Stress and Burnout

stress

The world continues to move at an increasingly rapid pace, and for many, it is a struggle to keep up.  Between employment (or lack thereof), family, partners, friends and struggling to find time for oneself, it often seems as though the world is almost moving to fast to bear.  Stress and burnout is becoming an increasingly common concern across all professions, and it seems as though there is an increasing amount of work-home conflict that is responsible for that.

A recent study that examined the lives of some 4,500 Swedish twins took a look at both work-home conflict, where work demands interfere with one’s private life, and home-work conflict, where home responsibilities interfere with work demands.  There was a significant association between work-home conflict and burnout, which researchers defined as depression, feeling run down, and emotional exhaustion.  What researchers found was that women tended to feel a sense of burnout more frequently, and their sense of stress came mostly from work-home conflicts.  Both genders appeared to feel a sense of stress as a result of home-work conflict, and it was further confirmed that work-home conflict is a serious cause of health concerns, particularly in women.

In a survey by Northwestern National Life, up to 40 percent of working Americans said their jobs were very or extremely stressful.  In a survey by the Families and Work Institute, roughly a quarter or workers said they felt burned out by the demands of their job and trying to balance work and home responsibilities.  While there are still some employers in the workplace that believe that stress is inherent to any job, the research has actually shown that job stress contributes to increased absenteeism, higher degrees of health issues, and higher employee turnover.  While employers are encouraged to mitigate the conflict that can occur between work and home responsibilities, what researchers have noted is that employees also have to take the time and use self-regulation skills in order to decrease the risk of burnout in themselves.

Stress can be deadly, in some cases, and it is important to note that without adequate self-care strategies, health problems can worsen, particularly if there have been no methods of stress management put into place.  Employees need to take the time and learn how to effectively manage their stress in order to eliminate the risk of absenteeism, improve their personal sense of well being and also improve their productivity.  There are many who believe that their work productivity is tied in with their sense of self-worth, and if they are stressed, this can have a cumulative negative effect on a person’s self-esteem.  They may look at their ability to produce work and realize that it is on the decline; in realizing that their productivity has declined, they may question their ability to even get work done, and that can lead to a sense of apathy.  They may decide “why even bother?” and ultimately slip further into depression.  Reliance on self-medication, such as alcohol or drugs of any stripe, may be the result as the person suffering from stress and burnout may seek ways to escape the pain they ultimately feel as a result of it.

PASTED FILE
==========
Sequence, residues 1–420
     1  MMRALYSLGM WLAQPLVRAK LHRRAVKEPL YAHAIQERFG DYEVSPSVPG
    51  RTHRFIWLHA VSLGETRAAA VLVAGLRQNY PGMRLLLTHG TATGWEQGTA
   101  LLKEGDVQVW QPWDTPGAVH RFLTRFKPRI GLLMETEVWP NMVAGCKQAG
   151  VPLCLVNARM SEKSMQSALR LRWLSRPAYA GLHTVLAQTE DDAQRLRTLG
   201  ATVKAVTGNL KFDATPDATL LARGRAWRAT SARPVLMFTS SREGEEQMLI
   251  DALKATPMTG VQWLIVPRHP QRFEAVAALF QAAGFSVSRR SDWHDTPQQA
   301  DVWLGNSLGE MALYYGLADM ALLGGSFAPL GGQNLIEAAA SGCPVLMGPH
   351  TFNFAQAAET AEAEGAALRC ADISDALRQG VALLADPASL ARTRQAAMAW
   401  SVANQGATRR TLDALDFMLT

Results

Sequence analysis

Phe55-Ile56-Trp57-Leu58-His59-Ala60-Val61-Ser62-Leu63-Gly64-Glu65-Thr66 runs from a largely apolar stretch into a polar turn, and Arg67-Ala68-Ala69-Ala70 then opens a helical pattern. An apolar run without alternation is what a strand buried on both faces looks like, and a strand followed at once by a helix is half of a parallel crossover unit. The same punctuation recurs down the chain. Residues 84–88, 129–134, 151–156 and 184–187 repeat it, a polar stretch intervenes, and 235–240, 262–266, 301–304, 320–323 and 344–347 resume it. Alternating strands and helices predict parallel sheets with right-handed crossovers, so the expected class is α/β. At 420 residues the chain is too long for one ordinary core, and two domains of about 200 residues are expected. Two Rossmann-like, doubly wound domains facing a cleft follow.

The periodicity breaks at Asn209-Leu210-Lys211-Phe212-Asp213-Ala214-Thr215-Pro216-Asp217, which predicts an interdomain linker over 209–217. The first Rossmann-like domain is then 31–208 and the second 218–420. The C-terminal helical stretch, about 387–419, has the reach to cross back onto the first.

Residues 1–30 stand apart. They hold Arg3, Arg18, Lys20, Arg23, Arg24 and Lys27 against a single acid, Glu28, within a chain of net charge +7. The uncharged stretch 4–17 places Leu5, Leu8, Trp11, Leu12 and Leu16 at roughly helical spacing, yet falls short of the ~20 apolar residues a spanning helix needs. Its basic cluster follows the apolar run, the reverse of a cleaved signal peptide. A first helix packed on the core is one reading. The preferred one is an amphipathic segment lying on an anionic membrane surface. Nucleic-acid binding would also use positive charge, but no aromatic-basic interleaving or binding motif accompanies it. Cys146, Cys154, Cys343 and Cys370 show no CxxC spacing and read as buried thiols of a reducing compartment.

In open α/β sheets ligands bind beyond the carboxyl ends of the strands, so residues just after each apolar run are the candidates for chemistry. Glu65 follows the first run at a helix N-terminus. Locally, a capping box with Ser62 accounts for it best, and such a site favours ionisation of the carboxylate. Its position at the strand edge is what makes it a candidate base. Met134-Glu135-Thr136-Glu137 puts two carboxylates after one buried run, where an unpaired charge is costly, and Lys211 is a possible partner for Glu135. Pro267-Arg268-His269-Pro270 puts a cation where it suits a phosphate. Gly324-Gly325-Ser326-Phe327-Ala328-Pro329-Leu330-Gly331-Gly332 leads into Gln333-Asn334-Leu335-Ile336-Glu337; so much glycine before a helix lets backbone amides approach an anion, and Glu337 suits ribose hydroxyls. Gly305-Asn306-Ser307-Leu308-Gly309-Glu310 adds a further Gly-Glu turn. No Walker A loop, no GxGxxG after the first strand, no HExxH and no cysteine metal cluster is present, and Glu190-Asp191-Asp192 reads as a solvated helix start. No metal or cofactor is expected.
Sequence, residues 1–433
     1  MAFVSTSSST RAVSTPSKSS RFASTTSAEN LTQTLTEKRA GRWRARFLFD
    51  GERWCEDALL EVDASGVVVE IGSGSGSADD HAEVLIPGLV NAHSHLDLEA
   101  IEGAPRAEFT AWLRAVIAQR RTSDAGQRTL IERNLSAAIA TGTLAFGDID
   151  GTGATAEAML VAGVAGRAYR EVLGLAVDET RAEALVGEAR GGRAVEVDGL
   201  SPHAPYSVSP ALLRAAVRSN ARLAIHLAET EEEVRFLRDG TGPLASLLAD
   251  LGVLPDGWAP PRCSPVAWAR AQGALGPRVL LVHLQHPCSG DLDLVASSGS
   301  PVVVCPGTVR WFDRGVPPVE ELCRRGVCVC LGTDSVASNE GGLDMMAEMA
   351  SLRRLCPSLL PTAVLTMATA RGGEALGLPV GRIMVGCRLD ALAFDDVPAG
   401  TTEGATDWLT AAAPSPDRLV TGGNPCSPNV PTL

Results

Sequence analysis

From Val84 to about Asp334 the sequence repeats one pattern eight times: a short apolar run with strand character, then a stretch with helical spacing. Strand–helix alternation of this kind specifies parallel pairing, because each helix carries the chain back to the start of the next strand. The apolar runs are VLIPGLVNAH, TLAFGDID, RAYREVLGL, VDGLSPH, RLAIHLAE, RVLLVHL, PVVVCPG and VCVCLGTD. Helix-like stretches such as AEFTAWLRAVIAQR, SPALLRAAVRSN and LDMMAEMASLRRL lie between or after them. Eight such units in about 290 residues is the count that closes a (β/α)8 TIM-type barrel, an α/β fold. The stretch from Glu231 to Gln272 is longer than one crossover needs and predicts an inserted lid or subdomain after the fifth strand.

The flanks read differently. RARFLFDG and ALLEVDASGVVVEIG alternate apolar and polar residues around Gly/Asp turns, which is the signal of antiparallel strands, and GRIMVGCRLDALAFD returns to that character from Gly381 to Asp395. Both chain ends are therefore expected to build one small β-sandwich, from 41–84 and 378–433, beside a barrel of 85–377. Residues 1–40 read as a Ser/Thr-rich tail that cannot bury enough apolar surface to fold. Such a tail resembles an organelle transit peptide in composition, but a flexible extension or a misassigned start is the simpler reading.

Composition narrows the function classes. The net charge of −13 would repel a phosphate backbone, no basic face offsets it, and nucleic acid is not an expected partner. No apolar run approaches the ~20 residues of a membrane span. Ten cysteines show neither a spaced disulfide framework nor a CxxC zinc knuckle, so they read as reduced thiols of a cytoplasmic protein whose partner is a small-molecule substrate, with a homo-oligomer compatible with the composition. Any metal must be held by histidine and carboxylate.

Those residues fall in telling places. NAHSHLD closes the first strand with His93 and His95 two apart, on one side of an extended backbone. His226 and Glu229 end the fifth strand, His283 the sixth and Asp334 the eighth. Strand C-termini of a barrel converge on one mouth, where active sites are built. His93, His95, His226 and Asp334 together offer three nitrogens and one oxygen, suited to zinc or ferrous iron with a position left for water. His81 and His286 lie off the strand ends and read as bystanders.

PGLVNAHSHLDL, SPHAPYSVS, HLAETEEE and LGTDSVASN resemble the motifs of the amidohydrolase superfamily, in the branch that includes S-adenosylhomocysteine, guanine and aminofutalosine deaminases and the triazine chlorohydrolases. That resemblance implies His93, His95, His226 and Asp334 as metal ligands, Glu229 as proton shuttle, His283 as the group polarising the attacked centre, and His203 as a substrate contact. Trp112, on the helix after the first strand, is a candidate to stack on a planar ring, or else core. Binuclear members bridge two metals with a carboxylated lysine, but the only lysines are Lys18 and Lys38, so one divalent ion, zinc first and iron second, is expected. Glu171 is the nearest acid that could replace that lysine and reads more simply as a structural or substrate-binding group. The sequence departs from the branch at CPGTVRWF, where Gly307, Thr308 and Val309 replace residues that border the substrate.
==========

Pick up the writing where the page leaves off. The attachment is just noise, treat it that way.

Stress and burnout can be mitigated, provided the person experiencing the feeling takes the time to engage in positive stress management strategies.  Whether that is exercise, yoga, meditation or even simply taking the time to breathe, the use of stress management strategies can go a long way towards preventing stress and burnout, which continues to be a growing problem throughout North America.

By Christina St-Jean

Sources:

Science Daily

Medical Daily

News Wise

CDC.gov

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